Over 100 people gathered in front of San Francisco’s City Hall to protest the $6.2 billion in federal cuts to the Department of Housing and Urban Development and Trump’s proposed figurative and literal walls. Accompanied by a five-person band, the Brass Liberation Orchestra, the group marched down Market Street with colorful signs that depicted Trump’s wall and business improvement districts, and to the federal building on seventh and mission streets. Once at the federal building, participants formed a wall using their bodies and signs.
“This wall divides the haves and have-nots. San Francisco is laudedas a bastion of liberalism and progressivism and prides itself as being a sanctuary city when there is no sanctuary here,” says Bilal Ali, human rights organizer with the Coalition on Homelessness in San Francisco.
The rally comes at a time when homeless encampments in San Francisco continue to be cleared. On July 20, the San Francisco Police Department and the Department of Public Works removed a large encampment on Ninth and Brannan streets without offering almost any services. Advocates, including District 6 Supervisor Jane Kim, have called for safe sleeping sites for homeless people as a possible, temporary relief to constant police harassment.
“Housing is a human right! But do we expect the state to provide it for us? They’re spreading false hope when they tell us to wait for housing,” says Nicky, an organizer with the Sacramento Homeless Organizing Committee. “How many folks to do you know waiting on these housing lists? How many folks do you know wait and then find out they’re not even on the list?”
Participants at the rally represented multiple states—Oregon, California and Colorado—brought together by the Western Regional Advocacy Project, a coalition of homeless organizations primarily made up of formerly or currently homeless people along the west coast, including the Coalition on Homelessness, The group is a special one, perhaps because there is no other organization like it.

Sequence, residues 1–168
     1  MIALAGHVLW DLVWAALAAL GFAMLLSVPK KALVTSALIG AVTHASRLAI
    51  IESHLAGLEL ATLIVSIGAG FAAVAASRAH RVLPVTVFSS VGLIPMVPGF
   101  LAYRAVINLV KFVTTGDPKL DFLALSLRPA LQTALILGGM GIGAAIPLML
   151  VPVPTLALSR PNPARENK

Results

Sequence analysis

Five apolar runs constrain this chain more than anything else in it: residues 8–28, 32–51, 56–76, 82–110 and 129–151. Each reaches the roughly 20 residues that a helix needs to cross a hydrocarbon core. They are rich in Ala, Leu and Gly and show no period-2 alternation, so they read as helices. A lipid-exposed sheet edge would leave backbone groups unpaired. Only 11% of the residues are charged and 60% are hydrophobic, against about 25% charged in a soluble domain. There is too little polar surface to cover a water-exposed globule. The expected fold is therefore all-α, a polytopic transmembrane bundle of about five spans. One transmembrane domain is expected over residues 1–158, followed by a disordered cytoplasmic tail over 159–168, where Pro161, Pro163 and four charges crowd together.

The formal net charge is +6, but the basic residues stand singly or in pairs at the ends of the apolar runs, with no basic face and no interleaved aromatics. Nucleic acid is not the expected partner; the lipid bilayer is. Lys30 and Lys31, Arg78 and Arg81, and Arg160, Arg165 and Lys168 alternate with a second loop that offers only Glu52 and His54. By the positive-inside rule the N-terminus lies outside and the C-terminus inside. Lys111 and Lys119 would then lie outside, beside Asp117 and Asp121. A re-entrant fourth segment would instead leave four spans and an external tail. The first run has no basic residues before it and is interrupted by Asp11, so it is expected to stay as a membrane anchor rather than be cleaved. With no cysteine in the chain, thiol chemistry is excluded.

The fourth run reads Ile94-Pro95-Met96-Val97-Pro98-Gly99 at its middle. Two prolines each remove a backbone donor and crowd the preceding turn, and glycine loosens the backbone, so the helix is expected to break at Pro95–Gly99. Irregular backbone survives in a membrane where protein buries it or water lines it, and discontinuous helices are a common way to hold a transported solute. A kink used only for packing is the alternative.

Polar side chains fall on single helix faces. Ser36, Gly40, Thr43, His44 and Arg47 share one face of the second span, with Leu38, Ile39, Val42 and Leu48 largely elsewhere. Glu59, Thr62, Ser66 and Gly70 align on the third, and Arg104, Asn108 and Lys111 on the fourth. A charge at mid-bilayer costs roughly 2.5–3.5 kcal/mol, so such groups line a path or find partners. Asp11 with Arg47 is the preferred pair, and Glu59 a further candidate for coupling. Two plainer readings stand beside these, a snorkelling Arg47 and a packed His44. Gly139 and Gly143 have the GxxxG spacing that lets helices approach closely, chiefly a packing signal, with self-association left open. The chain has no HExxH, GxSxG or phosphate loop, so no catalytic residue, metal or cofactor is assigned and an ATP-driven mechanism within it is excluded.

Following the rally, Ali facilitated what the Coalition on Homelessness calls a “Homeless People’s Popular Assembly,” dubbing people who have experienced homelessness the Mayor of the City and asking them each the same question—What would they do if they were mayor?
Says Yesi Koopman, who serves on the Youth Advisory Board at Larkin Street Youth Services, “I don’t think we should spend all of our money on wars overseas. It’s time to use the money to solve problems here, to use it for housing programs. We have to take care of the people here!”
“First thing I’m gonna do, and I’m gonna take all the people who are houseless and house them,” he said at the assembly. “I’m gonna give them the services that they need to get back on their feet, provide jobs for them. For people who can’t work, I will be able to provide services and food for them. A path to recovery so that they can heal themselves,” said Robert, another participant.
Included in the Homeless People’s Popular Assembly was last year’s Berkeley mayoral candidate, Mike Lee, the self-described “bum” for mayor. Now an organizer for the Berkeley-based group First They Came for the Homeless, Lee said, “My first declaration is that all public space is now open, twenty-four seven. My second declaration is that for all these empty buildings, in 72 hours, will be for unhoused people.”
There is deep organizing work being done by unhoused people and their allies along the west coast. In addition to the rally, a two-day conference brought together the organizations where they discussed strategies, movement building and mobilization for the upcoming year across the western region.
The Western Regional Advocacy Project has specifically worked on state bills regarding a homeless bill of rights and a “Right to Rest” Act, which calls for the abolishment of laws that prohibit homeless people from existing in public space—including basic acts of behavior like sleeping, eating and resting.